I could easily have called this the 'HOKA hatred' post. But I have no issue with the brand, there are plenty of others offering the same level of cushioning so it would be unfair to single out this brand. Although, that being said they have done their best to promote the idea of maximal cushion and it's perceived benefits to the masses.
So what's the deal? Why do I dislike OVER cushioned shoes?
Well. It's all about context, this is the main problem. Another way to look at context would be to appreciate how each person is different, I.e. What I mean by this is, if you have fantastic hip stability and land in a perfect position, on a flat surface, all the time, in a shoe which is the right width for your foot, then you probably won't have a problem if you increase the depth of cushion. But how many of us regular people are like this? In my experience, in hundreds if not thousands of clients, very few of us are like this.
But what about these professional athletes running in cushioned shoes? Did you see the shoe for the Nike sub 2 project? It was huge! Yes! That is because the elite runners with their fantastic hip stability can get an increased economy from cushion, cushion does have some good sides!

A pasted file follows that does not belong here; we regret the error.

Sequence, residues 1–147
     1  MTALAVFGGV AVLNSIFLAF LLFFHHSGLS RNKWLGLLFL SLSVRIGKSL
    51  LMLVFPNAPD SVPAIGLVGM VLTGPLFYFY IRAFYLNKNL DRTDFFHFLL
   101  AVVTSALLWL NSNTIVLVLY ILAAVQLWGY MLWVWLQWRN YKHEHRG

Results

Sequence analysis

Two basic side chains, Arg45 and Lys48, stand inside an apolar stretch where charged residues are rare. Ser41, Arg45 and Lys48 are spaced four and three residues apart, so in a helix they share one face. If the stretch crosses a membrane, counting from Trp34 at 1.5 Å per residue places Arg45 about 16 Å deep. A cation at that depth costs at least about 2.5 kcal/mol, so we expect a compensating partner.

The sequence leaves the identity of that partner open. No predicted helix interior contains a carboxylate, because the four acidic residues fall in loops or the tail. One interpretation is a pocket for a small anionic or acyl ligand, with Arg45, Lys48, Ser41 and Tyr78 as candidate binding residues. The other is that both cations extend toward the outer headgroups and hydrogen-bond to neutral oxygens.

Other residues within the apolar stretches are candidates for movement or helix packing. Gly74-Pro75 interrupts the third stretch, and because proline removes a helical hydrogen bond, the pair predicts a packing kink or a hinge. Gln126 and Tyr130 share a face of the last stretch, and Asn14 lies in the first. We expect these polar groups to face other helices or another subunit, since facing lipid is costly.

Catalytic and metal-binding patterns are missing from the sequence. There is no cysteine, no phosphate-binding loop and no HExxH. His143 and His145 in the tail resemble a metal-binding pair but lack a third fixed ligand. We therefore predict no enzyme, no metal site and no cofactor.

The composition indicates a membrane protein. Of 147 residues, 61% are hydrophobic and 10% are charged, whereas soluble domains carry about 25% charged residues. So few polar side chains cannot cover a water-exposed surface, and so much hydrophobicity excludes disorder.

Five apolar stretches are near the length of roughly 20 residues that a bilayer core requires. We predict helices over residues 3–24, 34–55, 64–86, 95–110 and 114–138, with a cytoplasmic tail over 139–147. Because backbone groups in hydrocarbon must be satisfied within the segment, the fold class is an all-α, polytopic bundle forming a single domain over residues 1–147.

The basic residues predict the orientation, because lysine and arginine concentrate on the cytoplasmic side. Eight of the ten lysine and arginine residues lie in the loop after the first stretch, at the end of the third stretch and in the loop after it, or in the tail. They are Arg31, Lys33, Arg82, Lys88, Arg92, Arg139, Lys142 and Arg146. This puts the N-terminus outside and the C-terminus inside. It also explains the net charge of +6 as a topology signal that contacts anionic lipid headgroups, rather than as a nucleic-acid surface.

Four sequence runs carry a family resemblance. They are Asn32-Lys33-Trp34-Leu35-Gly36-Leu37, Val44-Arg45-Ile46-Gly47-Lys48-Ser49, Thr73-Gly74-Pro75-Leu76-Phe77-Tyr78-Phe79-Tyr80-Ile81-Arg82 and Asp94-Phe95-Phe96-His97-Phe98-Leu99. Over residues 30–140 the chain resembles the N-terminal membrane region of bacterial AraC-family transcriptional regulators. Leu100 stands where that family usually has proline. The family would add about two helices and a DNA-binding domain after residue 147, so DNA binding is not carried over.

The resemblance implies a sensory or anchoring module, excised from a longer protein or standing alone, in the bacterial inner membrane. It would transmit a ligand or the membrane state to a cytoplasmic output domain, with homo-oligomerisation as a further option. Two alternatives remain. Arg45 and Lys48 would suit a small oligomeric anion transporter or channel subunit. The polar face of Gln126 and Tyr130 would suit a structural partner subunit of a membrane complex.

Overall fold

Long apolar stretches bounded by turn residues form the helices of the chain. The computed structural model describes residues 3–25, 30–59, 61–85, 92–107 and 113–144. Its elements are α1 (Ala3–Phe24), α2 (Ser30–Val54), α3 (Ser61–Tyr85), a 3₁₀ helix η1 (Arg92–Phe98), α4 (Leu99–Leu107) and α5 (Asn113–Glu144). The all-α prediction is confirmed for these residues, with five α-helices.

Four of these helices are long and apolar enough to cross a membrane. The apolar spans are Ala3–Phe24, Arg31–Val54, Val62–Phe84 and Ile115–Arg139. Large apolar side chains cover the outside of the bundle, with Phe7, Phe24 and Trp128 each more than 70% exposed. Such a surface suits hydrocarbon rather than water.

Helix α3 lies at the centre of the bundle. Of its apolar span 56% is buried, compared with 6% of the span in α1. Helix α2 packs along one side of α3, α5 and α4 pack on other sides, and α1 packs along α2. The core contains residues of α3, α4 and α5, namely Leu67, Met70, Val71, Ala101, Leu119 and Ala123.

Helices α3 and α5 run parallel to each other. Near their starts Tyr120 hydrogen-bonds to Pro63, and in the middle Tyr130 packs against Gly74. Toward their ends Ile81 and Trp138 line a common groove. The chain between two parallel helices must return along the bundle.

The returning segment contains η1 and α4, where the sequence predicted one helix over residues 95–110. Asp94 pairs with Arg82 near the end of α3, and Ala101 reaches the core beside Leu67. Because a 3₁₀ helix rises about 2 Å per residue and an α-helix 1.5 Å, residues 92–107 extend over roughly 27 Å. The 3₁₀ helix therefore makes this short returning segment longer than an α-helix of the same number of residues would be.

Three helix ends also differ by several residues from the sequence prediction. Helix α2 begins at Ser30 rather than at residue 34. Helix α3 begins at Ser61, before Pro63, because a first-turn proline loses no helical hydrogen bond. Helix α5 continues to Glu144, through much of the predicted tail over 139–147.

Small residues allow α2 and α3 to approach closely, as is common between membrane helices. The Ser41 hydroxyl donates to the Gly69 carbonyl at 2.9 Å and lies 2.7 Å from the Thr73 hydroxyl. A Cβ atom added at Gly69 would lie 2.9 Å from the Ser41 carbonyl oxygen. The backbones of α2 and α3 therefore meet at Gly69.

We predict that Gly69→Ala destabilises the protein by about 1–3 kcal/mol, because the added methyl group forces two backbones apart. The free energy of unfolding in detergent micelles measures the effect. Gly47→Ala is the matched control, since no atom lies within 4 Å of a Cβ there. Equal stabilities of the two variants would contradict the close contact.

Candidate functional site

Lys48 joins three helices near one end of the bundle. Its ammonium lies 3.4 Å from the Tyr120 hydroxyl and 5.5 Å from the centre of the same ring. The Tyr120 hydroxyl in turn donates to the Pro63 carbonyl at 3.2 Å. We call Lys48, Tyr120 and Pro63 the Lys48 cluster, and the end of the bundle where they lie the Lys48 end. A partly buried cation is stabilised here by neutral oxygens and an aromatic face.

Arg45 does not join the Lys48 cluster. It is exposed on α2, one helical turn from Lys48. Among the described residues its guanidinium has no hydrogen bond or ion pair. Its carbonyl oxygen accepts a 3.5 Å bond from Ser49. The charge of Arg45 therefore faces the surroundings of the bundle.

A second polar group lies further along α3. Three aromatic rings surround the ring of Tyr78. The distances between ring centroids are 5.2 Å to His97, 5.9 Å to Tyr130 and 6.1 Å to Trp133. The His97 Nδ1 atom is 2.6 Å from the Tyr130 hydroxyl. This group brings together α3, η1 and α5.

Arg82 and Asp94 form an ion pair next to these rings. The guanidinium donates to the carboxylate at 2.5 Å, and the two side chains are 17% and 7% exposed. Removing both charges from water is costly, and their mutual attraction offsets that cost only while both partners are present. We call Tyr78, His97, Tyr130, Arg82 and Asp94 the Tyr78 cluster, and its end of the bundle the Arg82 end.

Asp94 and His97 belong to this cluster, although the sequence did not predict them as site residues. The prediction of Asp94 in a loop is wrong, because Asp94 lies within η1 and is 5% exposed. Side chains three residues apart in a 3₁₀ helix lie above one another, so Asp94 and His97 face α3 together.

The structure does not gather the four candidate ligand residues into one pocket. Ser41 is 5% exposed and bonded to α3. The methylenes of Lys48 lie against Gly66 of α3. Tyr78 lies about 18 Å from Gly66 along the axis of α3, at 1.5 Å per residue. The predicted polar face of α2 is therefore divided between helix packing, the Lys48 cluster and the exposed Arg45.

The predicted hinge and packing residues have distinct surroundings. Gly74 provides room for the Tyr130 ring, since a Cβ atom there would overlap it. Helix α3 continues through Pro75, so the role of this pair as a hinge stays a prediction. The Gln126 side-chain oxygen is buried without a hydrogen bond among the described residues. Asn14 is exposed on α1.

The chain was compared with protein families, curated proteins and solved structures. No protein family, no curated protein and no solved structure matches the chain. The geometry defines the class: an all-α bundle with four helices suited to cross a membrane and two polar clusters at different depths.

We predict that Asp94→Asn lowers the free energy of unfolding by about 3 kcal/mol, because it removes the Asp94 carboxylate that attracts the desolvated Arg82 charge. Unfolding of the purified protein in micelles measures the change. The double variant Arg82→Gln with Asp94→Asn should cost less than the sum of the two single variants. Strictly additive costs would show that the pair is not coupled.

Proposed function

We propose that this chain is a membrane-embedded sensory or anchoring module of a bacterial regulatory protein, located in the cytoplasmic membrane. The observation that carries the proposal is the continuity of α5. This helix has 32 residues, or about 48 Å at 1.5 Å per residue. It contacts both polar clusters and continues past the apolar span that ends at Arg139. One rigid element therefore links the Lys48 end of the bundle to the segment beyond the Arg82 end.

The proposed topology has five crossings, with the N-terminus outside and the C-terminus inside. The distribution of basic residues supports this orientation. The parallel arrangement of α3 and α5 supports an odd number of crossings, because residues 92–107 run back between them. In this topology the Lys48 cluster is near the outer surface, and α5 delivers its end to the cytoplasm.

They would also likely wear a new set of shoes for each race, why is this important? Because the greater depth/softer the cushion the more the shoe will deform. This happens DURING a run, and with repeated runs, so a brand new shoe will behave very differently.
Take this example -
This is a well worn HOKA, actually, I say well worn I think it had done less than 100 miles! Which is barely worn at all. Look at the compression of the foam! No wonder this client had knee and hip issues!
I hope this is starting to illustrate my problem, it's not that cushioning is a bad thing, it's that too much in the wrong place can cause greater instability.
"But my HOKAs are so comfortable!" Yes I know! They are like wearing two pillows on your feet! But unfortunately with this comfort they give you instability. They may feel great for the first mile or so, but soon your hips will start to ache, those niggles will come back and all those stability muscles are doing so much work to keep you upright that they are starting to fatigue. I see this time and time again.
This is the equivalent to the office chair, or sofa, it feels so comfortable but in giving you comfort it makes your muscles (brain actually) quite lazy. Hence why it's so hard to move after you've been sat in it for a while.
Maximal shoes give you short term comfort for long term loss, in my honest opinion and experience.
Don't fear the ground/impact. Feeling this ground impact is an important part of running, it allows you to feel the impact energy it and reuse it.
That will do for now, but I'll be back to this topic soon!